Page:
on 8 June 2012
For years I was put off reading this book, I thought it had some kind of agenda in mocking suburbanites from an Asian perspective. Well, it does have an agenda - it takes the mick out of pretty much everyone, yes, the Abigail's Party brigade with their worship of central heating and double glazing, the world of Margot and Jerry Ledbetter. But it is even more damning of the Asian community, or perhaps I should say the older generation, who of course would be grandparents today. In particular their misogyny and patriachal nature, and we witness the ebb and flow of power between the sexes.
Some on this site complain about a lack of a plot. Well, I suppose they'd say the same of The Rachel Papers by Martin Amis, it's that sort of narrative. Mainly, it's about a young suburban teenager, Karim, who finds his cosy existance blown apart when his dad, a first generation immigrant who never quite made good, is coopted by the charismatic and ambitious Eva into giving lectures of buddhism and enlightenment. The book is wonderfully observed, and it charts the way Karim hopes to use the tailwind of this development to get away from the boring, suburban life and taste the exotism of the city. There are some very funny lines here, but it's true that the lead narrater doesn't propel events, usually stuff happens to him.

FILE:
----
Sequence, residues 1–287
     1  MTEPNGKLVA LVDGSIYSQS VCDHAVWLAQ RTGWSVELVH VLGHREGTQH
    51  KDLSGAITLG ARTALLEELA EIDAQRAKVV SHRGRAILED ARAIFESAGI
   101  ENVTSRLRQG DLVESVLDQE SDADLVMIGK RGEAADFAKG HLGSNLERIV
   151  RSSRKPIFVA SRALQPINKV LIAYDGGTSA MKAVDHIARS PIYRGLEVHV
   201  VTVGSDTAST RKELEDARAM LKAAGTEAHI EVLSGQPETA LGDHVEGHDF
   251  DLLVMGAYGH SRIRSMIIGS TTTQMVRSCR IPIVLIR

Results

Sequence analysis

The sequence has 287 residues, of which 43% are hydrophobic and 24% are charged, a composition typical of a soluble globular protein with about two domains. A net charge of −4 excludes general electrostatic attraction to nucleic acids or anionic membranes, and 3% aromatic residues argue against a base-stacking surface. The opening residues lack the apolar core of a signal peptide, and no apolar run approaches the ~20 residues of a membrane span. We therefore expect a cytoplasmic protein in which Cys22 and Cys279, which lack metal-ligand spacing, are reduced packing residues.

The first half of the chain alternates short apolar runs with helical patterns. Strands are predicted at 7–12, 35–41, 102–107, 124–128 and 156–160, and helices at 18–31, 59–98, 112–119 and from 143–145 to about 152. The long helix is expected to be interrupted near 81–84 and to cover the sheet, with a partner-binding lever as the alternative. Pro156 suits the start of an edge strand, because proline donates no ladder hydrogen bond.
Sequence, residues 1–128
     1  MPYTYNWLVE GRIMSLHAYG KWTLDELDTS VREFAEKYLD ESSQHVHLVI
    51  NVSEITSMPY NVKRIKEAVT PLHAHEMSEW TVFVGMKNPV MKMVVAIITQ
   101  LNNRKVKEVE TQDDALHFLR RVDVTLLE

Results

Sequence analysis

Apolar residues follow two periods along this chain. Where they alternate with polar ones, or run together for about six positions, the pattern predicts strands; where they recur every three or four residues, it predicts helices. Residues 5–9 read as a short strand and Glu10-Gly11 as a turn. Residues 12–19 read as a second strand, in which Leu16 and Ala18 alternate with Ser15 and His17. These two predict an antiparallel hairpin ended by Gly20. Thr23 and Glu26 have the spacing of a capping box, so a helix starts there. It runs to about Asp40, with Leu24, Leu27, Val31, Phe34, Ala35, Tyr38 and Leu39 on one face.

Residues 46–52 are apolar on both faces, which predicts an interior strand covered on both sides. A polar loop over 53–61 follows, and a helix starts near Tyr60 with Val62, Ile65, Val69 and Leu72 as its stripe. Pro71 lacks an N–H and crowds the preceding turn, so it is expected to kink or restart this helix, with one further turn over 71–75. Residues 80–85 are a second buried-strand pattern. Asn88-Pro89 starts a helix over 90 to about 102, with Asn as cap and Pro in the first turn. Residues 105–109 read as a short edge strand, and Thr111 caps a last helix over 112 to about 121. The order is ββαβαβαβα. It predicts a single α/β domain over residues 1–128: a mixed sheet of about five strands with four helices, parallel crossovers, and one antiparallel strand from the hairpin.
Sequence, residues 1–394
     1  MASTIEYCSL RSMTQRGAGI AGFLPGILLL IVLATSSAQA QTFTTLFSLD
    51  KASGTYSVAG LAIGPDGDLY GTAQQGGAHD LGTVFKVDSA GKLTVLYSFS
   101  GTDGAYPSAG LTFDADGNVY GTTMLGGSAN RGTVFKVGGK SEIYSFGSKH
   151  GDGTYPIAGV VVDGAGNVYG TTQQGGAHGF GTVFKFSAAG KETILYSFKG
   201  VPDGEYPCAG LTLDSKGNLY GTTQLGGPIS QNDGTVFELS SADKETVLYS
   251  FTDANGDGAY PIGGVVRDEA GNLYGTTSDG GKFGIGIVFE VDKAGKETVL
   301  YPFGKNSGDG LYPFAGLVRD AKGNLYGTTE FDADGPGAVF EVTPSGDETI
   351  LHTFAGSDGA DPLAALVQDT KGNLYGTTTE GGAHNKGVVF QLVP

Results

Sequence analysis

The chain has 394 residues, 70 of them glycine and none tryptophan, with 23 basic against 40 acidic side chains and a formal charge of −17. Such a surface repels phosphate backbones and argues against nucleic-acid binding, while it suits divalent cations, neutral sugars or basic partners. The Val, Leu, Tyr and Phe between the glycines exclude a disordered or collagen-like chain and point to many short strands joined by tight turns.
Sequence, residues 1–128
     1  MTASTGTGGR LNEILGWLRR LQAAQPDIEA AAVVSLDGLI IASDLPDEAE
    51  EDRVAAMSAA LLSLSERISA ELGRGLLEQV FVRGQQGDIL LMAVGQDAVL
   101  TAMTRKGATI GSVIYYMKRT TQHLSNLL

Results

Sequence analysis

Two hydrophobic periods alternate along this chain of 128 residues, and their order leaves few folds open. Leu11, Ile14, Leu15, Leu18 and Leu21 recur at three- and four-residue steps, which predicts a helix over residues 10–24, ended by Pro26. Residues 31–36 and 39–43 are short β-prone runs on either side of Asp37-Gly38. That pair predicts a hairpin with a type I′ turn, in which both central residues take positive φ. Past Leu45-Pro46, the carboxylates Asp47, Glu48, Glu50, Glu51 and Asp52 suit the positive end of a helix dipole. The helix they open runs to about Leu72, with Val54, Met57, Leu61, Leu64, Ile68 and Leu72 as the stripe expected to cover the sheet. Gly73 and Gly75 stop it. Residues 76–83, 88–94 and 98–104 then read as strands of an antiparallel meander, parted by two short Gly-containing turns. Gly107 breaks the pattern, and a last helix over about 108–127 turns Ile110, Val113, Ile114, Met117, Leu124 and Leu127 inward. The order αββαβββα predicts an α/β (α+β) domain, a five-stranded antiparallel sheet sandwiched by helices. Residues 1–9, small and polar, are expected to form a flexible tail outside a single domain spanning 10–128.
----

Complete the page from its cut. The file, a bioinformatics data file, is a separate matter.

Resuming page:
Being a bloke, I'd call it out for a couple of things. Firstly, the narrator has a superiority complex. This is amusing if you also have a bit of a superiority complex. Just about everyone he meets, he skewers in the prose, although of course if Karim were such a naive fellow, coming of age, he wouldn't be that insightful. Really, it's the author who is delivering these verdicts. It is a very satisfying method, it's the old Clark Kent/Superman duality, where one minute you can step out of your put-upon self and feel supreme. Even PG Wodehouse did it, as a lot of the very funny lines ('She had a laugh like the cavalry crossing a tin bridge') would be beyond a chump like Bertie Wooster. To be fair, Karim would be the sort who slyly keeps his own counsel about certain types, a goalhanger in life.
Secondly, the sex is a bit out there. Kureishi seems to using promiscuous sex to turn on the reader, fair enough, but it's as if he being less well observed here. I'm not sure the type of bloke we have depicted here would get it so much, even if he is good looking. Certainly he's very relaxed about his bisexuality, there never seems to be any doubt if another bloke will be up for it.
Thirdly, the timeline is a bit out of wack. The events seem to call for a story over a two-year period, but we go from Beatles Abbey Road period to Bowie, then punk and The Pretenders. The Pretenders only got going in 1978! The author's reach seems to exceed his grasp, as if he's aiming for an epic along the lines of Our Friends in the North. I wasn't too sold on one of the characters becoming a major rock star either, it breaks the suspension of disbelief, we know it didn't happen, unless it's true the guy is Billy Idol (it seems to fit) and the author didn't want to get sued.
Anyhow, I read this in a week and loved it. Surprised to see it is on the syllabus, more books like this should be in my view. It shouldn't be all Dickens and Austen.